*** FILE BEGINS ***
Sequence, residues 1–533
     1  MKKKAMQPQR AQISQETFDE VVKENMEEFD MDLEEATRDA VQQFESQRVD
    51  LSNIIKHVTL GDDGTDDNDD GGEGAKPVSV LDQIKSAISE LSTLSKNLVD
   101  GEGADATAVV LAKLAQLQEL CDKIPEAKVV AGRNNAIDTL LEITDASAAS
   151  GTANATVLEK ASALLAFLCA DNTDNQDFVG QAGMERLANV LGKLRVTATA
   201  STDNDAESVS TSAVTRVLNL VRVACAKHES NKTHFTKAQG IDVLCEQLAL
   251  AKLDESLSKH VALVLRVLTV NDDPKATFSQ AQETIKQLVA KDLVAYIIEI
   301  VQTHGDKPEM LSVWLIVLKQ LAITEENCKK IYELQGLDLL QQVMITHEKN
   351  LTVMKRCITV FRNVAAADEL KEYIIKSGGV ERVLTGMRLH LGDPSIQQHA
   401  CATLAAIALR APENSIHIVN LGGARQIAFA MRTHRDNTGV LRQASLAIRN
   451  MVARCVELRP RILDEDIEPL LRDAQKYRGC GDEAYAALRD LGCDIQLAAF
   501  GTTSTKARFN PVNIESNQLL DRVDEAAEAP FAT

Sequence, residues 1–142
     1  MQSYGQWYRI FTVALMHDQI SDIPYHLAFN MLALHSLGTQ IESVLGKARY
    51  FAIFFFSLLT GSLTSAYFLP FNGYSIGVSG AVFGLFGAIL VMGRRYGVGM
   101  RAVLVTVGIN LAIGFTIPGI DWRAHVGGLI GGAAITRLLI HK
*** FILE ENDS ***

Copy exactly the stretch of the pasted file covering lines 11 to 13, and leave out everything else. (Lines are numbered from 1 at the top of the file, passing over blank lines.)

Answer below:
   451  MVARCVELRP RILDEDIEPL LRDAQKYRGC GDEAYAALRD LGCDIQLAAF
   501  GTTSTKARFN PVNIESNQLL DRVDEAAEAP FAT

Sequence, residues 1–142